I’m a knitter, and I dont see that changing much anytime soon. I can crochet, if it’s simple, like chaining, or even sc or dc if I brush up with a quick tutorial. But for me, knitting is the main craft mode, and simple crochet is something I see as a technique available to enhance the knitted object, much like I-cord or grafting. I’m a project, as opposed to a process knitter; I want the FO. For me, knitting offers more possibilities in what can be made; you can shape garments, make intricate colorwork, employ endlessly variable textures. I’ve done a few crochet beanies, and even a shrug, but my indispensable hook is most often used to pick up stitches or place beads on my knitting. That being said, I love making these beaded crochet necklaces – so easy, and they look like chain if you use metallic thread. It’s enough to make me consider myself poly-craftual Are you a knitter or a crocheter, or are you a bit of both? If you are . . .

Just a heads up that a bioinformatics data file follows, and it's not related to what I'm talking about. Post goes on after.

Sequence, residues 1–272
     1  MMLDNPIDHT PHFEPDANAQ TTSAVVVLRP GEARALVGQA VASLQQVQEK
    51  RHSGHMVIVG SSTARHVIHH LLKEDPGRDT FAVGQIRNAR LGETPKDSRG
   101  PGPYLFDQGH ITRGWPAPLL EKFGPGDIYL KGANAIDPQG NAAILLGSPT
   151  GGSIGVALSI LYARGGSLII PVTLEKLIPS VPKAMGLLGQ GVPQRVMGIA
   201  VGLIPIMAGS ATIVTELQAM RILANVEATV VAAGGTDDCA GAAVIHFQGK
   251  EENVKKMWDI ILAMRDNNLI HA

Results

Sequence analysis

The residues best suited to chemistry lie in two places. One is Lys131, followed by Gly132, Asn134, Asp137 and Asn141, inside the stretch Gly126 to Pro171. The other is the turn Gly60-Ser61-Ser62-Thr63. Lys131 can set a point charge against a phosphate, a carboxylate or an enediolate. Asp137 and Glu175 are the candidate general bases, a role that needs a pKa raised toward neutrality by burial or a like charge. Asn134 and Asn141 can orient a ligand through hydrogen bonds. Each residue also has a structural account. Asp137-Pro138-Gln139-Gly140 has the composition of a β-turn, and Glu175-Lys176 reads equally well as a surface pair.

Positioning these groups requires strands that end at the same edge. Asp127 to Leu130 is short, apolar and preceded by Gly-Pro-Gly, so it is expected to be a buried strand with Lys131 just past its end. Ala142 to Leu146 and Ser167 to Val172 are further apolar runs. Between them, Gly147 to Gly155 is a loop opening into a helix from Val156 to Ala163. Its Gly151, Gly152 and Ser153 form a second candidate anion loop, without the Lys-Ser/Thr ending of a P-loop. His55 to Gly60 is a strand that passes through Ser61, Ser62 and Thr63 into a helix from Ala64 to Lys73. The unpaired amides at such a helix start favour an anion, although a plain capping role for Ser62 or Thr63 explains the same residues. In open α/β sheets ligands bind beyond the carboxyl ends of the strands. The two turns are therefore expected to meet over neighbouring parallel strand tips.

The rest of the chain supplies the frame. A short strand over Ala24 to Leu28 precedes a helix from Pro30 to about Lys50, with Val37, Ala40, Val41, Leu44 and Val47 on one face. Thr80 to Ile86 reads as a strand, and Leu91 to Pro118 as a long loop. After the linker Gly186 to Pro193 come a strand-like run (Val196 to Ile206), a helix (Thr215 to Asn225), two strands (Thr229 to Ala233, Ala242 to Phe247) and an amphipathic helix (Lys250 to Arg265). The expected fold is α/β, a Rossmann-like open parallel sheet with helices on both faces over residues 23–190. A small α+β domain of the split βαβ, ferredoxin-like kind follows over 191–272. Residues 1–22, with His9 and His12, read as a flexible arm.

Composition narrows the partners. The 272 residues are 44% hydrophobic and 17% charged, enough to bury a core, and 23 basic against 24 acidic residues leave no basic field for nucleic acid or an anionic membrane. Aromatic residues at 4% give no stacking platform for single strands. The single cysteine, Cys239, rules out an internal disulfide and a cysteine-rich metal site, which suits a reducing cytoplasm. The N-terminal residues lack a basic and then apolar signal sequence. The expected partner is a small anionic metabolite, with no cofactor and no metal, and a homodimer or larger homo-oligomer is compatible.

Although the sign is really just an example of Chinglish – the misuse of “steek” for “shut” in this case – the advice would be well suited for knitting. I’ve done alot of techniques, including short rows, fair isle, mosaic knitting, all kinds of sweater construction, and knitting back backwards.But steeking makes me nervous. Scissors? To cut my knitting? I’ve read plenty of tutorials, including Eunny Jang’s great Steeking Chronicles, but . . . yeah. It keeps coming back to: cutting my knitting?! My nervousness is abetted by the fact that I dont do much colorwork, for which steeking is ideal. But one day, I will make a fair isle cardi, probably with a round yoke, and use this technique. You betcha. How far down the road to learning your craft do you believe yourself to be? Are you comfortable with what you know or are you always striving to learn new skills and add to your knowledge base? Take a look at a few knitting or crochet books and have a look at . . .